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Where Are The Independent Voters In California?

There are over 5.6 million registered No Party Preference (NPP) voters in California. By 2020, this number will likely be even closer to 6 million.

To put that into perspective, California has more registered voters not affiliated with a party than 29 states and the District of Columbia have people living in them.

Imagine the impact these voters could have on future presidential primaries -- if, that is, they were allowed an equal and meaningful vote.

Unfortunately, because of California’s confusing and unconstitutional semi-closed primary system, they are denied this opportunity.

The Independent Voter Project (IVP) has offered the Democratically-controlled state legislature a simple, fair, and easy solution to give NPP voters a voice, while maintaining the parties’ private rights of association.

IVP is also preparing a lawsuit that will ask the court to allow the secretary of state to provide this public ballot solution on the presidential ballot.

2020 is going to be a major year for California because it moved its presidential primary from June to March, meaning it is going to have a much larger presence in the mainstream conversation on the parties' presidential nomination processes.

It also means California’s primary type is going to get national attention, along with the impact it has on voters and the process. And, it is important to note that where the media is most likely to focus its attention are the biggest hotspots in voter disenfranchisement.

The following are the 5 top counties in No Party Preference registration in California. Note: the list doesn’t just purely consider total number or total percentage of registration. It considers both.

1. Los Angeles County

Photo Credit: Chonas /

It is impossible to ignore LA County. We are not talking about the largest percentage of the overall electorate. However, LA is home to over 1.5 million registered NPP voters -- the largest overall number by a mile.

And like the state, NPP voters make up the second-largest voting bloc in the county:

Democrat: 2,682,019 (49.70%)

No Party Preference: 1,553,974 (28.79%)

Republican: 899,159 (16.66%)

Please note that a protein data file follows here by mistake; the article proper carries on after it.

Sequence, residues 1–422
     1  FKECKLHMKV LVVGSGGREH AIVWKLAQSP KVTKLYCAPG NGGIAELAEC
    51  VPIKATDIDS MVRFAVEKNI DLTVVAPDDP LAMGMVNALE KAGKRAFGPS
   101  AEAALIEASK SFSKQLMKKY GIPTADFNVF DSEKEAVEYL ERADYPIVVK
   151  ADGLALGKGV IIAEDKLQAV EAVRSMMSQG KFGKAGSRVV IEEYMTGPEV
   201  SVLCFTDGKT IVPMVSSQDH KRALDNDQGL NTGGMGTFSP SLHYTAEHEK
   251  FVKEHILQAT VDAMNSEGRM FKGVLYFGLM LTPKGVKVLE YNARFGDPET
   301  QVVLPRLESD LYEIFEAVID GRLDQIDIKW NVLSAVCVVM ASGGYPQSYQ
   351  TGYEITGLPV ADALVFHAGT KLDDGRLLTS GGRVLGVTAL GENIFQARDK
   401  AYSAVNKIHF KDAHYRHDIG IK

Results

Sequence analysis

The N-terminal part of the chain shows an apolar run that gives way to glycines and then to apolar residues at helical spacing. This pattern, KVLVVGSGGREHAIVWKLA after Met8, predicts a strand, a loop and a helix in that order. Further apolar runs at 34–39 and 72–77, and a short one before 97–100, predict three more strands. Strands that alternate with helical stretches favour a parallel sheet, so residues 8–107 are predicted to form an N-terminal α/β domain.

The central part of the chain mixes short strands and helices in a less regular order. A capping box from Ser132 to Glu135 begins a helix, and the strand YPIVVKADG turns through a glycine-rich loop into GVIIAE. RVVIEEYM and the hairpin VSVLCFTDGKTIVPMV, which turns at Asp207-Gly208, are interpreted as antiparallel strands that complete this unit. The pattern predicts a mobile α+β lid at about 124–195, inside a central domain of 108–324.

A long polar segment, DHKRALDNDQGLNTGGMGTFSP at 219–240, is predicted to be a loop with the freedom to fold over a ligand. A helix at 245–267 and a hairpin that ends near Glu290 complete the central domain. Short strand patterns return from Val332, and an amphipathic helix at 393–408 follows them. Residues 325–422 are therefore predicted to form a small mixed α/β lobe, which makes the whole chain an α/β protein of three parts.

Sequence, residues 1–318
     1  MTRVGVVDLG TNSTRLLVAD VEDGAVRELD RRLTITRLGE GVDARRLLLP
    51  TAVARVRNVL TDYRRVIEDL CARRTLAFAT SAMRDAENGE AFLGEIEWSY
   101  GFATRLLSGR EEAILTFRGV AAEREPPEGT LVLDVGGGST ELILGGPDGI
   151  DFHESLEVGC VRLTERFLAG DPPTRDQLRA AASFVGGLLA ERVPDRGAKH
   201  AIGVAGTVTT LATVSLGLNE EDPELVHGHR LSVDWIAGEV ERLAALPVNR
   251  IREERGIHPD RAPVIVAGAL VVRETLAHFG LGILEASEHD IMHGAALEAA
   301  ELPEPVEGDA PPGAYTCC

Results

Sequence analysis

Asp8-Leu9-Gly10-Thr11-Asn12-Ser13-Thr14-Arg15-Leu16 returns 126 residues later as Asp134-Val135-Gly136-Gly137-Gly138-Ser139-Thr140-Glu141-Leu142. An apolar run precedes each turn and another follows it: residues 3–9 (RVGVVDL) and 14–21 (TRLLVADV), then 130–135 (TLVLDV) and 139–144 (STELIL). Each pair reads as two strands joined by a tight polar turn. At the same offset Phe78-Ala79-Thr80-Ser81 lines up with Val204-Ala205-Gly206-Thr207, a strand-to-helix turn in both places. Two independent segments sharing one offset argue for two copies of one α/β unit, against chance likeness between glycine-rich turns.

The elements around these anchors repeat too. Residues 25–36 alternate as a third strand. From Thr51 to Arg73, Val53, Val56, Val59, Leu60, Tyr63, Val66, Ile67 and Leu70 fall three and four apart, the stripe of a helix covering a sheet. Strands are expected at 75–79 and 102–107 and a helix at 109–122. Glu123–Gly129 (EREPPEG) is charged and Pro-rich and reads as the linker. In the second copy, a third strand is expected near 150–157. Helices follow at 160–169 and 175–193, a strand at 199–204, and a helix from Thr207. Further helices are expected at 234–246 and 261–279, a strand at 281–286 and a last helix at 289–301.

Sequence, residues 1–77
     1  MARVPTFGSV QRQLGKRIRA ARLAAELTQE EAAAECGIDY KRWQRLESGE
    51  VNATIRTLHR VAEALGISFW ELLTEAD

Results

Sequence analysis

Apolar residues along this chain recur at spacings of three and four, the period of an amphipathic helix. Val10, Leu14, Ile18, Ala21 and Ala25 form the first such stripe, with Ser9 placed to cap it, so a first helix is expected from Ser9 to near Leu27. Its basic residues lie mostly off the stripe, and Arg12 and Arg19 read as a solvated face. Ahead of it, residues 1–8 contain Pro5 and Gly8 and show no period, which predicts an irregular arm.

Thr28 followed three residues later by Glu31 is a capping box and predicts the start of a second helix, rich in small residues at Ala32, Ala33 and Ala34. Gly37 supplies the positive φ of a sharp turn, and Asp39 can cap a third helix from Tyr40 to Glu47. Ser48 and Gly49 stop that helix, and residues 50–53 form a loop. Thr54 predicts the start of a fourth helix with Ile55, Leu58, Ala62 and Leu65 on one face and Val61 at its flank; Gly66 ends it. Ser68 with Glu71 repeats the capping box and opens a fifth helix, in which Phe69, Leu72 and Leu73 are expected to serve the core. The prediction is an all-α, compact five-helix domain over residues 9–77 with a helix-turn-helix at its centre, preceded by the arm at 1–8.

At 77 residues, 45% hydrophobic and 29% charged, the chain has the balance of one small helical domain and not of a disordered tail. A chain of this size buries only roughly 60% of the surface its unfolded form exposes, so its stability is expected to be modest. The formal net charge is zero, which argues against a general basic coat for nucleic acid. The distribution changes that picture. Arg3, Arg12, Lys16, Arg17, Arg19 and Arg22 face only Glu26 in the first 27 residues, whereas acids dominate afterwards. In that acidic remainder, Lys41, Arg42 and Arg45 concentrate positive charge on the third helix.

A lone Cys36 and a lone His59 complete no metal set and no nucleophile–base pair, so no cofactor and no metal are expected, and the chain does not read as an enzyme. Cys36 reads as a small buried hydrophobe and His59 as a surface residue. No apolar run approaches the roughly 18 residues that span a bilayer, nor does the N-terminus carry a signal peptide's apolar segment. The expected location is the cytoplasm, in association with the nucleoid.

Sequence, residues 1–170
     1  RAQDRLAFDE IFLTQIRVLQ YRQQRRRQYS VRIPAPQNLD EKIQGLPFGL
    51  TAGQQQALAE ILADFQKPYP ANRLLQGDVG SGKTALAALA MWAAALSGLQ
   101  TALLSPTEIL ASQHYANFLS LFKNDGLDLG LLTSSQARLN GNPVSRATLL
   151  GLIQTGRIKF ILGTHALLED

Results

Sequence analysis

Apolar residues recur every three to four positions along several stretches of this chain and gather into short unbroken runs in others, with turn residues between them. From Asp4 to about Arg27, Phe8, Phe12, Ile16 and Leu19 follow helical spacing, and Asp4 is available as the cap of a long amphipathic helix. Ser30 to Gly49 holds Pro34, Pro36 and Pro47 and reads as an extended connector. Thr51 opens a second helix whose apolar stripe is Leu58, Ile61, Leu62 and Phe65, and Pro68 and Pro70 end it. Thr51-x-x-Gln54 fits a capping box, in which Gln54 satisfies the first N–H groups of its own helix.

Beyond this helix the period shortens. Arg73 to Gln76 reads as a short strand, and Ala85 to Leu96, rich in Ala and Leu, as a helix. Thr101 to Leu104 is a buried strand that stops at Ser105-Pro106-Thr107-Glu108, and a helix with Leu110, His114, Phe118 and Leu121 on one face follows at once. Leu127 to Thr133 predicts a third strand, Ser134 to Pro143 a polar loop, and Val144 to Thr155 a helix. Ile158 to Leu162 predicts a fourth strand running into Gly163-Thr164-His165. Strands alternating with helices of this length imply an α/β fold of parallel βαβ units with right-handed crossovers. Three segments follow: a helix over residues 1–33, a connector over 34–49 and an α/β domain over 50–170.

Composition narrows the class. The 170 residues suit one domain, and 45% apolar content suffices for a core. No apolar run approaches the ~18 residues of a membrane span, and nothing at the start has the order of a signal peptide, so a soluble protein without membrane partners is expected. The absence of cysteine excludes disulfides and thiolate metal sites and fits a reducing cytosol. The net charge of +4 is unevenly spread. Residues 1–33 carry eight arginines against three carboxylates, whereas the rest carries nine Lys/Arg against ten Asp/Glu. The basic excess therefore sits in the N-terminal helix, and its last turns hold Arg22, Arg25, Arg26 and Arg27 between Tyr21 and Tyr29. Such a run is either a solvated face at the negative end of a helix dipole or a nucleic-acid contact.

Interesting to note: In 2016, of the 400,000 permanent absentee NPP voters in LA County, only 25,000 (6.25%) received a Democratic crossover ballot. Yet two-thirds of statewide NPP voters surveyed said they intended to vote in the Democratic presidential primary.

2. Santa Clara County

Photo Credit: Uladzik Kryhin /

Silicon Valley isn’t just the home of the world’s biggest tech companies, it also has the highest percentage of independent voters of any county in California. 34.48% of Santa Clara County’s registered voting population are registered NPP.

Santa Clara County includes the cities of Santa Clara, San Jose, Palo Alto, Cupertino, and Mountain View.

Here is how the county’s voter registration breaks down:

Democrat: 405,470 (45.26%)

No Party Preference: 308,769 (34.46%)

Republican: 151,213 (16.88%)

3. San Diego County

Photo Credit: Sean Pavone /

San Diego is not just America’s Finest City, it is also one of California’s most independent cities, and the county that shares its name has the second-largest total NPP population in California, and third-highest percentage of total registered voters.

Here is how the voter registration breaks down in San Diego County:

Democrat: 623,925 (35.71%)

No Party Preference: 552,538 (31.62%)

Republican: 475,149 (27.19%)

The Independent Voter Project authored and submitted a reform that eliminates the incumbent protection scheme of being able to end elections in the primary, while protecting the rights of all voters in citywide (Measures K, 2016) and county (Measure D, 2018) elections.

Both measures passed with over 60% of the vote.

4. San Francisco County

Photo Credit: Sean Pavone /

The Bay Area in general has large independent voter populations. If we went purely on percentage of registered voters, nearly every county on this list would be located in the Bay Area.

Where these counties fall a little short, though, compared to LA and San Diego are in the number of total registered voters. San Francisco comes in at number two in total percentage of voters, but does not come close to having the numbers San Diego has.

Here is how the voter registration in San Francisco County breaks down:

Democrat: 280,182 (56.78%)

No Party Preference: 162,219 (32.87%)

Republican: 31,823  (6.45%)

5. Orange County

Photo Credit: Jon Bilous /

Like LA, it would be hard to keep Orange County off this list. It would not make the top 5 in percentage of total registered voters. However, it is not far off, and has the third-largest number of NPP voters in the state.

Orange County includes the cities of  Anaheim, Santa Ana, Irvine, and Huntington Beach.

Here is how the county’s voter registration breaks down:

Republican: 541,711 (34.04%)

Democrat: 529,651 (33.28%)

No Party Preference: 453,343 (28.46%)

Combined, these 5 counties alone are home to over half the state’s registered NPP voting population Other honorable mentions include San Mateo (126,738 NPP voters, 31.30% of registered voters), San Bernardino (254,778, 26.44%), and Riverside (272,857, 25.73%).

ADD YOUR NAME: Give Independents an Equal Vote in Presidential Elections

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